Friday, March 5th, 2010 at 12:07 pm
The brand once synonymous with California’s surf scene before fading into branding obscurity in the 1990s, Stussy, recently unveiled its latest project dedicated to Detroit’s most influential producer, J Dilla. No, the project isn’t a graphic tee, although there are several that Stussy made in honor of his legacy; rather the creative forces behind the brand and Stones Throw Records decided to create a documentary chronicling Dilla’s rise to stardom and later career in Los Angeles.
Opening with sepia tone interviews from Detroit’s DJ House Shoes and label head, Peanut Butter Wolf, the viewer finds out that House Shoes actually gave Dilla his first big break by passing along a cassette of his recordings to a Japanese record store representative. This move would prove influential in the States, as artists such as DJ Rhettmatic found Slum Village imports while on tour in Japan and quickly spread word of their unique sound backed by Dilla’s production. This caused what Jay Dee collaborator, J.Rocc describes as the start of underground communities of “Dilla heads” dating back to 1995.
Oddly enough this is when I was introduced to the man’s work. The first time I heard James Yancey, I was unaware that I was listening to a legend in the making. Recalling the first time I heard The Pharcyde’s “Runnin,’” I was still in elementary school. Amusingly, not knowing much about the culture I would grow to love, I actually searched the “F” section of my local record shop unsuccessfully before a store owner pointed me to correct spelling of the group, where I found the classically backpack Labcabincalifornia. However the documentary skips beyond Dilla’s ’90s production credits and focuses on the budding relationship between him and Madlib years later. Around the same time, Dilla’s house flooded which Peanut Butter Wolf suggests is one of the main reasons that Dilla decided to move to L.A. despite strongly representing Detroit. According to those within Jay Dee’s inner-circle, his move to California represented a different stage in his career. Abandoning instruments in exchange for drum brakes and samples, Dilla took a minimalist approach to creating his music in the early 2000s. The dominance of samples as opposed to original compositions didn’t reduce the quality of Jay Dee’s work, as photographer Brian Cross attests, that while recording with Erykah Badu, Dilla told her to pick any record from a crate and he would craft a beat from it. Those who witnessed J Dilla make a beat all remarked they were amazed, as he had a blueprint for every sound in his head and most of his well-known beats took less than twenty minutes to put together. Thus J Dilla was a visionary in his own right.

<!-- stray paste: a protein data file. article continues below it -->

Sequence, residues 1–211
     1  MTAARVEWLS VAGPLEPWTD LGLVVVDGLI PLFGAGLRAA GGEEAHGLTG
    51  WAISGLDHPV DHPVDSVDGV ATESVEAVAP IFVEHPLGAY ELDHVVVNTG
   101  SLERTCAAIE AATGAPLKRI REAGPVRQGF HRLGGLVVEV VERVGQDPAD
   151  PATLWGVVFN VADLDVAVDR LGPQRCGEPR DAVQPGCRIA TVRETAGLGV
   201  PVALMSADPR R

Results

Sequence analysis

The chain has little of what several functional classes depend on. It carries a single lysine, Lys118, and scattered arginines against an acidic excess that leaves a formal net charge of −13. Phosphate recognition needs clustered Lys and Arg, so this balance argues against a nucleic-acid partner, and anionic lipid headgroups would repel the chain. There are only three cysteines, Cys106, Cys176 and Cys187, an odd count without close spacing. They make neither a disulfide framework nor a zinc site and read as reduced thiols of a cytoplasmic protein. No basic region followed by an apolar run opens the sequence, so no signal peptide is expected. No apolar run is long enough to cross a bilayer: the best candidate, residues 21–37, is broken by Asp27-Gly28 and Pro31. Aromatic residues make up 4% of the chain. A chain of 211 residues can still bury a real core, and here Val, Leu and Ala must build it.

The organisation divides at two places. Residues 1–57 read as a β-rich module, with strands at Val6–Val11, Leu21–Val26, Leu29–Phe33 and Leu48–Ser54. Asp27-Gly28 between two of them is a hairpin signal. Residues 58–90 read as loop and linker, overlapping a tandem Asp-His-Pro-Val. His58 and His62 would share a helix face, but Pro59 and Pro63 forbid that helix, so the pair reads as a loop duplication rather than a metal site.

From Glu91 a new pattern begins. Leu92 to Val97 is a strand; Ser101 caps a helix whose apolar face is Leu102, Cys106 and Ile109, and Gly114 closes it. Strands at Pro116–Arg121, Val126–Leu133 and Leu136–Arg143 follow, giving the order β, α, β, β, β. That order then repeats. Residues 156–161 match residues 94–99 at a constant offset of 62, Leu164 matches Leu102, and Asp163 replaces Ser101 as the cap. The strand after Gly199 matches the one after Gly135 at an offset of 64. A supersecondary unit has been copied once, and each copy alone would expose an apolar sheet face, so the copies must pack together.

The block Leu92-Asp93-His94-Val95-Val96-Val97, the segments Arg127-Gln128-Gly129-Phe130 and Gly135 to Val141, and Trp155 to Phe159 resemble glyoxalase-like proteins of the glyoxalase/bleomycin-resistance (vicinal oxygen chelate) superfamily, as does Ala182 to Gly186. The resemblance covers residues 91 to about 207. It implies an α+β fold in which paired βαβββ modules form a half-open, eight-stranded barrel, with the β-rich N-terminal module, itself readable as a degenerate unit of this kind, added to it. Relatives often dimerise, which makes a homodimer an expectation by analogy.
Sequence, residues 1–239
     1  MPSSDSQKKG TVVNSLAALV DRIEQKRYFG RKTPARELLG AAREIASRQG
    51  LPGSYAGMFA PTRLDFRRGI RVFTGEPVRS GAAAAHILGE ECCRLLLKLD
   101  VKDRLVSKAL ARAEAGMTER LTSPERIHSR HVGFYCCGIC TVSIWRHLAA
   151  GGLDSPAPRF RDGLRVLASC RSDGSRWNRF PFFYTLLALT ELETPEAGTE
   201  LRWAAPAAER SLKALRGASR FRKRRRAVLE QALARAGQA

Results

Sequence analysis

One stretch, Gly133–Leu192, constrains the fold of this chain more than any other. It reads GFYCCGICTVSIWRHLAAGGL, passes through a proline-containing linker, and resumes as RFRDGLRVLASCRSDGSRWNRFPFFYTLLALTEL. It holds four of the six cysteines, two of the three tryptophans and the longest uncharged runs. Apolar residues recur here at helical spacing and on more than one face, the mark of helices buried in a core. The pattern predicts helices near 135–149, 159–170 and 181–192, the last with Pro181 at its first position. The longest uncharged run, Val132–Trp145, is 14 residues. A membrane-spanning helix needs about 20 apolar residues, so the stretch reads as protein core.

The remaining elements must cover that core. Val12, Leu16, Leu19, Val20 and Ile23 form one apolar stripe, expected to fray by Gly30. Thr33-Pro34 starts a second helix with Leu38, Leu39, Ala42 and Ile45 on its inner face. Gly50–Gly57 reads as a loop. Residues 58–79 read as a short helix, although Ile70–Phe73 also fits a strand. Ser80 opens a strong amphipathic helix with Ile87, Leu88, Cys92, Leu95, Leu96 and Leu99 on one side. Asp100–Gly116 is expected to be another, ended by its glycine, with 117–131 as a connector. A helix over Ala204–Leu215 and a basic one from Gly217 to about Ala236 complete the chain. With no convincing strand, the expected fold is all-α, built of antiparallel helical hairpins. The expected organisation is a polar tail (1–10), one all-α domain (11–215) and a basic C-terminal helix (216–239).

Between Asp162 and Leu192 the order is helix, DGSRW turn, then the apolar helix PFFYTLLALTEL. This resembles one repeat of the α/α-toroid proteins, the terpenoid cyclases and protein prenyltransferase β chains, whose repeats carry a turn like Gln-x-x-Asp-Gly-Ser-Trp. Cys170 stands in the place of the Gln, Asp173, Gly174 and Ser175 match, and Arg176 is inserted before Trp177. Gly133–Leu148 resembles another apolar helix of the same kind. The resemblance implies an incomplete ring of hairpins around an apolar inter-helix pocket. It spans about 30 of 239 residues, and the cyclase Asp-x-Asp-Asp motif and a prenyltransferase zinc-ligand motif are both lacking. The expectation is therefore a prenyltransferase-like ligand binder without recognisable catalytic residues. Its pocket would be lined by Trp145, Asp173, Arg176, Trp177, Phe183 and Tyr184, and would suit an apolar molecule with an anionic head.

J Dilla has worked with everyone from Busta Rhymes to Janet Jackson. The Stussy produced-documentary is a well edited piece of interviews ranging with label mates and affiliates. However, the documentary lacks in contributions from some of Dilla’s closest musical collaborators such as Madlib and Common. Yet, this short documentary does justice for the passed producer without saturating the content in an attempt to make it a feature-length film. Stussy’s J Dilla documentary is interesting and informative and definitely well worth the thirty minutes of play time.